Past relationships include familial ones and romantic ones. We are like sponges, and if we let ourselves, we are learning all the time. This is especially true of children. If you didn’t have a healthy model of what a loving relationship looks like, it’s a bit difficult to have a frame of reference once you get out there in the world yourself. That doesn’t mean you can’t learn and grow and heal your way into a state of love, because you most certainly can. It just means if you don’t do the work of healing, you are probably going to play out your history.
None of us would choose to drag our past into our present, yet most of us have done it to some degree or another. If you haven’t healed your “original wounds”, that’s the stuff that will probably show up as you enter your first few relationships. It’s the subconscious at play. Something in here is hurting and wants relief. Let’s see if we can rewrite history to make this go away. Sadly, when you have deep unacknowledged pain, you are probably just going to repeat history, not rewrite it, thereby strengthening your hypothesis.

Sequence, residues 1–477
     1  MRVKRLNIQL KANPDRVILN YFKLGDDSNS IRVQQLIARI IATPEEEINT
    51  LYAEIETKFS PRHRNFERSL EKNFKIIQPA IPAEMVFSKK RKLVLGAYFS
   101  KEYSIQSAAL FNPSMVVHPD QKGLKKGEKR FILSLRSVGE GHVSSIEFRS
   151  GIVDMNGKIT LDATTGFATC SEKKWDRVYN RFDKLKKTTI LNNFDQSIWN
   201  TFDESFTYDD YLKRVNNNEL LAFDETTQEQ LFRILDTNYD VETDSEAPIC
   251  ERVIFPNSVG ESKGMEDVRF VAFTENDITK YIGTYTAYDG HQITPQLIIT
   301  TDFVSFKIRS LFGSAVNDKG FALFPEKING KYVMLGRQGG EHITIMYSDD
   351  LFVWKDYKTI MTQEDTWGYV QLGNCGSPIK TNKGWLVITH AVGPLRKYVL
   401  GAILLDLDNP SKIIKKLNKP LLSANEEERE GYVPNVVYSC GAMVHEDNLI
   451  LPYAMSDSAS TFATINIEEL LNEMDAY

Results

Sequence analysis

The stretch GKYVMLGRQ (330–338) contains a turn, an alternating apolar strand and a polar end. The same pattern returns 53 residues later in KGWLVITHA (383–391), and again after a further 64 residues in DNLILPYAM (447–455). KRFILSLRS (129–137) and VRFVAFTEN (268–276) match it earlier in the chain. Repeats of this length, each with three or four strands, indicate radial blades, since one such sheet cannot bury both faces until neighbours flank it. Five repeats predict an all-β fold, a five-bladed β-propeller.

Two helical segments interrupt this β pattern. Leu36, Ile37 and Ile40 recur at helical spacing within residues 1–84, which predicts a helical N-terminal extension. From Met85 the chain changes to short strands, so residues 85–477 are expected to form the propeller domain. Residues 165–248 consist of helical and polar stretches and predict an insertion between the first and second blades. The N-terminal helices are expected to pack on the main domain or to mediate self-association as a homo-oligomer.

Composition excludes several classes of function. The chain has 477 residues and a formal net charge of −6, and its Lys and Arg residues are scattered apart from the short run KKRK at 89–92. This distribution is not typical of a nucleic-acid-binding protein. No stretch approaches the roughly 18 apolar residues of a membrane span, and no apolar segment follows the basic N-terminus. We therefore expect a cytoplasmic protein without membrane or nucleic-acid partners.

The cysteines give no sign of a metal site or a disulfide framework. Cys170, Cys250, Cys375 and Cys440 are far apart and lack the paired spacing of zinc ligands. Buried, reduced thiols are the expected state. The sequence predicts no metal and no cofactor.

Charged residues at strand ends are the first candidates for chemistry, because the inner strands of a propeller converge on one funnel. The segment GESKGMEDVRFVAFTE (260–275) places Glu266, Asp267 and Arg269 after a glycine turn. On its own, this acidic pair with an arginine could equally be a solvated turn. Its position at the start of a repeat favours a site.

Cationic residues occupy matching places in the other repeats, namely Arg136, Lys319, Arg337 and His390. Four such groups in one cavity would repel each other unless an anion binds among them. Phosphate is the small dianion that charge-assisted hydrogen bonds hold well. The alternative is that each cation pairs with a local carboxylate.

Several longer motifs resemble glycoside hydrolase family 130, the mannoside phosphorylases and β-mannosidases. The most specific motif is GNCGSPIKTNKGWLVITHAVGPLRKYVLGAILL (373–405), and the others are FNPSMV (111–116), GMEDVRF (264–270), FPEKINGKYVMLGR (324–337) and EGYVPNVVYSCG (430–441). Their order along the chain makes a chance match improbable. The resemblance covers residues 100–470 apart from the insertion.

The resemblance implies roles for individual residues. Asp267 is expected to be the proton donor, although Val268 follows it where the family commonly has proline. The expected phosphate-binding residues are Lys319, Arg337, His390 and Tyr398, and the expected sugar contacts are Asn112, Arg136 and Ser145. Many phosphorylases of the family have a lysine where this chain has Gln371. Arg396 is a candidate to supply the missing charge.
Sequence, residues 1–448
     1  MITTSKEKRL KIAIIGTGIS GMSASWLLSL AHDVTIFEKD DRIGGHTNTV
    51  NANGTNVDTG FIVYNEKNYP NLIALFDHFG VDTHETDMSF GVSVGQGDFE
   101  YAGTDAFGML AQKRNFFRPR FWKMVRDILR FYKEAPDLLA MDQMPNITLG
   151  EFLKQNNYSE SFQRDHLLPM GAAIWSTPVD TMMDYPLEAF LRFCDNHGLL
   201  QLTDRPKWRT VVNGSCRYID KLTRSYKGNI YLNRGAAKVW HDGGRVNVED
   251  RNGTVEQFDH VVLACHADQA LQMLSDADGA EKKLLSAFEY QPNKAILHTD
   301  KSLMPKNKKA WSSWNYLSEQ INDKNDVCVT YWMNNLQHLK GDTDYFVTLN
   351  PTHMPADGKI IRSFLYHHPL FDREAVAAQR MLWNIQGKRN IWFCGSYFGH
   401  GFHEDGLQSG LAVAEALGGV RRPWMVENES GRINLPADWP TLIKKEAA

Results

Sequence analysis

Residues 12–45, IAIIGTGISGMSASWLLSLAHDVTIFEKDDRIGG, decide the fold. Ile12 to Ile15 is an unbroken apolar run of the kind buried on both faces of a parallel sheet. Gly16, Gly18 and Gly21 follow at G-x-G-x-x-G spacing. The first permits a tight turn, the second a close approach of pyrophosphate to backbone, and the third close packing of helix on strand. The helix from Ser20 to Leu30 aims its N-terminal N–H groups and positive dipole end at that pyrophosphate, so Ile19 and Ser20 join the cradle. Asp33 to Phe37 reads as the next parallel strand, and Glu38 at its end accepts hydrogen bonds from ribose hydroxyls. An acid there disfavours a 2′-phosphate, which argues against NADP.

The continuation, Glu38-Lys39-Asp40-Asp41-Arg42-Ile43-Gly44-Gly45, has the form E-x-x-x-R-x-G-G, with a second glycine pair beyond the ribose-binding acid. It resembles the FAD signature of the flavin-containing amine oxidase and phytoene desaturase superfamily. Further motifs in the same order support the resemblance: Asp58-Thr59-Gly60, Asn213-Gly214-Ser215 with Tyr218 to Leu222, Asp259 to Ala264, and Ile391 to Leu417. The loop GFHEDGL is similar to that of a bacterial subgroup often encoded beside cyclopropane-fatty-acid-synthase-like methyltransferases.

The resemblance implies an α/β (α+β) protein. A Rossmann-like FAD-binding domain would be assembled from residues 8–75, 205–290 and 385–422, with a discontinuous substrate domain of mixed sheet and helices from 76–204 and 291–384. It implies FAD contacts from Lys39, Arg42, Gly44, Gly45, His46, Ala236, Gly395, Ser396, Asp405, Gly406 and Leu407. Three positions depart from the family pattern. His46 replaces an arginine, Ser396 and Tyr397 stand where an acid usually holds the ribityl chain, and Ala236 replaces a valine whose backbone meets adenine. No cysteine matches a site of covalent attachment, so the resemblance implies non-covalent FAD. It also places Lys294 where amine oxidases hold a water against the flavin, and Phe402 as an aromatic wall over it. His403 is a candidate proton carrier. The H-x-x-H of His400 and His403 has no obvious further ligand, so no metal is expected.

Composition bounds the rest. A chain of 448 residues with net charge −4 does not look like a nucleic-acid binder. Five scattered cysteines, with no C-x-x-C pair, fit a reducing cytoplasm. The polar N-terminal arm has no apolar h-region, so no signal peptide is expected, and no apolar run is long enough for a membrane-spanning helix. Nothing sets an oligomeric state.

And the more we play this stuff out and re-open those old wounds, the more concrete our ideas become. If you have an outlook that says, “Everybody leaves” you are likely to pick people who are prone to leaving. That way you can be “right” and blame your pain on someone else’s actions. Our pain is ours to examine. Anywhere you have unhealed wounds, it’s like a marker, a beacon of light that will draw you to it saying, “Here, look. You are still carrying this around, and it’s so heavy.”
If you avoid those beacons because it’s just too exhausting to be with your pain, do not expect to heal or grow. Plan on stumbling over many things behind you. Otherwise, quiet your mind and open your heart and embrace your pain. Sit with it, lean into it. That’s how you release the heat of it. Thats how you open to a new way of being. Ignoring or repressing it gives it strength. It has to come back twice as hard to get your attention.
The work of healing is easier than you think, because mostly, it involves realizing what you already know. Stripping away those layers of armor that have hardened around your heart, like fear and guilt and rage and shame, so that you can let all your love out without having to go into battle with yourself. Then the only thing you’ll be tripping over is your own laughter. Rage and resentment weigh us down and make us sick. Love is our natural state. And love doesn’t trip. Get some and give some. I love you, Ally